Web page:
The Scots are protective of her — they prevent her being raped by Black Jack, and the clan leader won’t condone “rape” when the men suggest “testing” to see if she’s a whore; then the man who saved her from Black Jack ventures his opinion that she’s “no whore.” Even though, curiously, the Scots don’t question her anachronistic hairstyle, dress, shoes, jewelry, or (slight) makeup; and even though they fear she may be a British spy, they still defend her honor and her body. And they instantly obey her whenever she goes into her “Nurse” role, so they accept, without question, that she has more knowledge of some things than they, simply from the tone of her voice. That makes me like the male characters so far.

Alas, however, I won’t be able to share Outlander with my boyfriend. Despite the fact that rifles and pistols, swords and knives, running and chasing, shooting and potential violence abounds, he’s declined to watch any of the repeat showings. He said he “read what it was about” in the description. That is not a good sign. I attempted to tell him some of the things that happened in the premiere episode. He looked blank and more than mildly bored. It doesn’t look like he’ll even give Outlander a chance. He wouldn’t even watch the Outlander trailer.

That’s quite a risk for Starz, doing a show that seems aimed primarily at a female audience, because many females, like me and all my educated, career-women friends, don’t necessarily like gender-specific fiction. I like all kinds of fiction, as do they. I like history. And I wouldn’t like to see Outlander degenerate into a formulaic romance where a woman who, for some unspecified reason, has fallen out of love with her husband, whom I found to be the most intellectually and physically attractive man in the show, to fall in love with a man from the past just because he’s pretty and brawny and rides a horse and has a Scottish accent and speaks Gaelic.

If you missed the first episode last Saturday, and haven’t caught any of the reruns, Starz has it available on its website free of charge: you don’t have to be a Starz subscriber to watch the premiere episode of Outlander. It airs Saturdays at 9 p.m. ET.

Meanwhile, I’m keeping my fingers crossed, and hoping Outlander, despite some of my misgivings from the first episode, becomes more of a Starz Spartacus historical drama than a Lifetime femme-in-jep movie of the week.


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The Most Unkindest Cut of All: Cinemax’s Brilliant Series THE KNICK


In Shakespeare’s play Julius Caesar, when Marc Antony is delivering the eulogy of his assassinated mentor and friend, he claims that the knife wound left by Brutus, one of Caesar’s closest friends, was “the most unkindest cut of all” (1.2.183), and Cinemax’s brilliant new series “The Knick” abounds in “unkindest cuts,” not all of them inflicted by scalpels. And that’s what makes this show one of the best I’ve seen in ages.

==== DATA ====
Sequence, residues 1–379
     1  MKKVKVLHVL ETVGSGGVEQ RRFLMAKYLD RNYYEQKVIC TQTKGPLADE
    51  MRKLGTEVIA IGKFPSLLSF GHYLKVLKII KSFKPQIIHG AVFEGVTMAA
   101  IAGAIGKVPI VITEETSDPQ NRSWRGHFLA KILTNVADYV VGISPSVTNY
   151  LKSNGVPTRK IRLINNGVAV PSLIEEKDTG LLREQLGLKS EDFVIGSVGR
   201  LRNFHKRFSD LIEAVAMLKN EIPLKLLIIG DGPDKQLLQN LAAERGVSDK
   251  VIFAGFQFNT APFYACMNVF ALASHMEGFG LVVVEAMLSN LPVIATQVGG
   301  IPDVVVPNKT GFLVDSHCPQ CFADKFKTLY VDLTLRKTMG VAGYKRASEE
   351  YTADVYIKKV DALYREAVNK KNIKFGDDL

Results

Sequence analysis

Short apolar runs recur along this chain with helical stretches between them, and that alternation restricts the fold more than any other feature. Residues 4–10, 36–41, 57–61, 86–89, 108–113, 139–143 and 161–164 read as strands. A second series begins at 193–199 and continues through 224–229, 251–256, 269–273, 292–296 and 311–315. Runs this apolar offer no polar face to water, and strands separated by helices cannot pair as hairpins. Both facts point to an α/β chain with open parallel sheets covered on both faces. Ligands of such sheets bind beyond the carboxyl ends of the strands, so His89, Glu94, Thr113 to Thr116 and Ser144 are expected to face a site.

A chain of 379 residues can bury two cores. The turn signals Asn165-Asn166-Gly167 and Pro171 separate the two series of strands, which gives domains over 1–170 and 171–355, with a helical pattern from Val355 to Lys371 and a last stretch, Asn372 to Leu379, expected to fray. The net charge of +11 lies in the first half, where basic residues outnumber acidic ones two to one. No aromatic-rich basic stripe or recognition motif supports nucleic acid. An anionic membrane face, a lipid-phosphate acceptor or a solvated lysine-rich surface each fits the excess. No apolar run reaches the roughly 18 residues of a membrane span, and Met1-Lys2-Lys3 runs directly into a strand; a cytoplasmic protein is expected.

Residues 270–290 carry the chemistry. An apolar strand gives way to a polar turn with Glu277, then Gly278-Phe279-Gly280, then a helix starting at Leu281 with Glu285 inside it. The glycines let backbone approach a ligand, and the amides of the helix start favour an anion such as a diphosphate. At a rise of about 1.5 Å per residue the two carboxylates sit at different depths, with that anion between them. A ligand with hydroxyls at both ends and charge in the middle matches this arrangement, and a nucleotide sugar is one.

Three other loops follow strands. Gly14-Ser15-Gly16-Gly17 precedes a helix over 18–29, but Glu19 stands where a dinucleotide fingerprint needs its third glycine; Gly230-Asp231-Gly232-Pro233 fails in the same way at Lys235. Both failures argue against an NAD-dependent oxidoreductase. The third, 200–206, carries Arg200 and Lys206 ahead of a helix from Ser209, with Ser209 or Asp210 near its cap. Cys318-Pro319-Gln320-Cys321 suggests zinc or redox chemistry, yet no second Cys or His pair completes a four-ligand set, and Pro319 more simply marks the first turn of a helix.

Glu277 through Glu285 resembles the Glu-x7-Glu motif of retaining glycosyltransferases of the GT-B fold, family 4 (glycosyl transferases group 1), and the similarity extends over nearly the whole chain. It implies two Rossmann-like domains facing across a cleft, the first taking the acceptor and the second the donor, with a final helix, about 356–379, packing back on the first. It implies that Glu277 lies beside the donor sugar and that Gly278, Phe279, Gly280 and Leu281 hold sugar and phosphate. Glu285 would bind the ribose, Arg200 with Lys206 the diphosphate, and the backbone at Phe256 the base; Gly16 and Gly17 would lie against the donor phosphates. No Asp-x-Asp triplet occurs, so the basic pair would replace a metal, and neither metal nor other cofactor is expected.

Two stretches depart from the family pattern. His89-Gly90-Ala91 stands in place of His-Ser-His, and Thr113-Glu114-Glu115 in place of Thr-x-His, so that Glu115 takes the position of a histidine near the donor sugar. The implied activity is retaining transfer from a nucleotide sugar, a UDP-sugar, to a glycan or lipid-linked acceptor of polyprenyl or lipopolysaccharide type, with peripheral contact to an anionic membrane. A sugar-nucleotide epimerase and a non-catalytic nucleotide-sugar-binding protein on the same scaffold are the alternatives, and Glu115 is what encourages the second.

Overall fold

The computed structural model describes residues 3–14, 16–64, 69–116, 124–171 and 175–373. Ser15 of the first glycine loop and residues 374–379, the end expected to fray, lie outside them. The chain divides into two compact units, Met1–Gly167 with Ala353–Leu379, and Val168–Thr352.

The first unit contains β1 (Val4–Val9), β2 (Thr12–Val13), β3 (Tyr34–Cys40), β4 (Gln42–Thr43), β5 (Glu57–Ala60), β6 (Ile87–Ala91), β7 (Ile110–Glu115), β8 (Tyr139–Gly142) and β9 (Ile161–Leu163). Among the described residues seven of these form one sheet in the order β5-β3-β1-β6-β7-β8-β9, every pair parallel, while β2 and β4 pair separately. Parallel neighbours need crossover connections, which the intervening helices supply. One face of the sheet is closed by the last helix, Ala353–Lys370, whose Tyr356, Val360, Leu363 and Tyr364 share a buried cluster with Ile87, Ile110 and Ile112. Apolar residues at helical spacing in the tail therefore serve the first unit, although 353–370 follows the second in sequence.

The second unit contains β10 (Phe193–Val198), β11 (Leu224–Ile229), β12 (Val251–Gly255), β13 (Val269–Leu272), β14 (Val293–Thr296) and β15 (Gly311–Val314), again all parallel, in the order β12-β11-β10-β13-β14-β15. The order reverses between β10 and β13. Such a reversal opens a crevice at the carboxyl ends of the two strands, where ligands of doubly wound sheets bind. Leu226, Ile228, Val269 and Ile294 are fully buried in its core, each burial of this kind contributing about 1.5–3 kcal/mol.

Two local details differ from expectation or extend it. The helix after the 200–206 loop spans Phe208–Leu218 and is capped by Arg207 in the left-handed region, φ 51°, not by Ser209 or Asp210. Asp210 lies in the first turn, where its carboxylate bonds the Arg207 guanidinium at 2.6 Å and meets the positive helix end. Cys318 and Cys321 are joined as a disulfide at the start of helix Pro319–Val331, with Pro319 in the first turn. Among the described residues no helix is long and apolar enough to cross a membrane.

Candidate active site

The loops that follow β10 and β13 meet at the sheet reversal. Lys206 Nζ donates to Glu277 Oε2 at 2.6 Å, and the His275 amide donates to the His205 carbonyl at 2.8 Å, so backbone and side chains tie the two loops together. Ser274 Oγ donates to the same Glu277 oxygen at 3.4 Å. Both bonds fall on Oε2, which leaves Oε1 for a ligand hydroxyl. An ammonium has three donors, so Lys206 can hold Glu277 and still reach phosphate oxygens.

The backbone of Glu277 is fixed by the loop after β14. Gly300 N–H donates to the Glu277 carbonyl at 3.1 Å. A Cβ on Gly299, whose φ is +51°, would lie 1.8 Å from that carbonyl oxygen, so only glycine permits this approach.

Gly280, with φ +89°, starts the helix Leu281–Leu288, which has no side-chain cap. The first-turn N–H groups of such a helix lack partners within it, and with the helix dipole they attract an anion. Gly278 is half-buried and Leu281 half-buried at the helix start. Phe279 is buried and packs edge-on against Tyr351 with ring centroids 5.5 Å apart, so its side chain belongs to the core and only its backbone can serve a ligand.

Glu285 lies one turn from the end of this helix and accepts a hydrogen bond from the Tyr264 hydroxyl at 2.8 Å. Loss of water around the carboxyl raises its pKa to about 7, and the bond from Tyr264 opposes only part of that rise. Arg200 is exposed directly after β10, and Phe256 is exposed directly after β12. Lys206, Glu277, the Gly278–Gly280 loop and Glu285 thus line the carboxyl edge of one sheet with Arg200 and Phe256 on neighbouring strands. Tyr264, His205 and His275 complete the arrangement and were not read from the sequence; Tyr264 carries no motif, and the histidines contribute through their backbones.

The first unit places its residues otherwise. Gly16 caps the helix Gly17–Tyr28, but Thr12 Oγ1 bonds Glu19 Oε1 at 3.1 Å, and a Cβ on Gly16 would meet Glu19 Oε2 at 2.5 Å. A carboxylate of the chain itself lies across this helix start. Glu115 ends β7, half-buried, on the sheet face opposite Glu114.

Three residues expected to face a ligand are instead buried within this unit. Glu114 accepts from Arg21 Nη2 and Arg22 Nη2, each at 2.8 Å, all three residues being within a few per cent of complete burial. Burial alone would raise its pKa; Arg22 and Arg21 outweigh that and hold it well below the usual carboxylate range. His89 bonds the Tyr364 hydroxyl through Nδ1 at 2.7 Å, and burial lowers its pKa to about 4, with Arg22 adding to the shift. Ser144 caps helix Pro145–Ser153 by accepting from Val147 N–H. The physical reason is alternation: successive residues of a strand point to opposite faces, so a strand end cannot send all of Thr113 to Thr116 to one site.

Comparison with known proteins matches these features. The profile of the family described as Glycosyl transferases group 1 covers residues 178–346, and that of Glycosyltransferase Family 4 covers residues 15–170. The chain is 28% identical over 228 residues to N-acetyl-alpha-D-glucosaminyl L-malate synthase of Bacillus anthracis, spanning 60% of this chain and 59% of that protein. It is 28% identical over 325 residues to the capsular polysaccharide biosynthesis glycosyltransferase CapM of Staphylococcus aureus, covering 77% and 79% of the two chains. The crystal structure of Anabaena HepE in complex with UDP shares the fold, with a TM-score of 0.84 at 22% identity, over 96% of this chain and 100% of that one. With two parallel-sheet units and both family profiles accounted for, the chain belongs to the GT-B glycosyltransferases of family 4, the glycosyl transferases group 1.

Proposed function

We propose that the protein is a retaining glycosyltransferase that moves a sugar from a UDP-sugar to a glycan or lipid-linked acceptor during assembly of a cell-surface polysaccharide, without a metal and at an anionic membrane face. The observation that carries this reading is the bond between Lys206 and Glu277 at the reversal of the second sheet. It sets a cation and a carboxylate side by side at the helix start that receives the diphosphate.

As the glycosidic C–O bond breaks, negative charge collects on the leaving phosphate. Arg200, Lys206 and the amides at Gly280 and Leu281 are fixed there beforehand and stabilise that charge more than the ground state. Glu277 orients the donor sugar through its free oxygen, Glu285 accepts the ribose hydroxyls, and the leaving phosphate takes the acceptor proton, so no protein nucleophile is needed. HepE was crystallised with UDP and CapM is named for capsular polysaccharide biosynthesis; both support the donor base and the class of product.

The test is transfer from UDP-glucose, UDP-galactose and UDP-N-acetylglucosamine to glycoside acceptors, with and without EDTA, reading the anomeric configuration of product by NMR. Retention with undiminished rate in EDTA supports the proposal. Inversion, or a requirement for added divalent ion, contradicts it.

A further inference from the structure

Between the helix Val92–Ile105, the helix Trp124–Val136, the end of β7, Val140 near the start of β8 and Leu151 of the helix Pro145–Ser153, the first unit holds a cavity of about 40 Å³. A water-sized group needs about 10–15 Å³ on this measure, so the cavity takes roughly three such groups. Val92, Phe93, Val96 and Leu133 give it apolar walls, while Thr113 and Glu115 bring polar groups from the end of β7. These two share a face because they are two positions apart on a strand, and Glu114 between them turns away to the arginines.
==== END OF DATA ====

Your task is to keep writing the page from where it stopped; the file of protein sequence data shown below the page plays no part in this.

Created by Academy Award winner Steven Soderbergh and starring Clive Owen, “The Knick” is set in New York’s Knickerbocker Hospital in 1900, before surgeons had mastered, or even figured out, their craft, and when operations were performed in an auditorium, before an audience that could have included student doctors, but also seemed to permit anyone else who wanted to watch (perhaps I should clarify: any men who wanted to watch).

Clive Owen as Dr Thackeray, The Knick © HBO/Cinemax

Clive Owen plays Dr. John Thackeray, and despite the name, you wouldn’t find his character in the more humorous social-commentary novels of Thackeray; instead, he’d be in the gory, gruesome, bleak world of Dickens’ and the Brontë sisters’ novels. Addicted to opium and to cocaine, he seems to have the same “insatiable desire for fame” exhibited by his predecessor, Dr. Christensen. He also shares the same racism, misogyny, and arrogance that many of his male colleagues exhibit, one of whom doesn’t even want to remain in a board meeting when the hospital’s major benefactor is unable to attend and sends his daughter with his proxy. It’s to Owen’s credit and talent that he manages to pull off this intense, fierce character and make him sympathetic and fascinating.

Clive Owen as Dr Thackeray, The Knick © HBO/Cinemax

Not only is Thackeray addicted to drugs, he is racist — refusing a black doctor with impeccable credentials merely because of his skin color  and because Thackeray doesn’t want to “lead the social reform path of integration.” Unlike the wealthy daughter of one of the hospital’s benefactors, who, along with her father, basically force Thackeray to hire the black doctor. In fact, given the time period, Thackeray makes a credible observation when he asks why he should hire a doctor that the patients wouldn’t let touch them. Later, in a dangerous surgery where the black doctor is observing and/or assisting, the patient looks up at him and says, “He’s not touching me: I won’t have it.” The political commentary and the racism are woven so integrally into the medical drama that the show acquires a depth that enriches it immensely.

A confrontation in the operating theatre, The Knick © HBO/Cinemax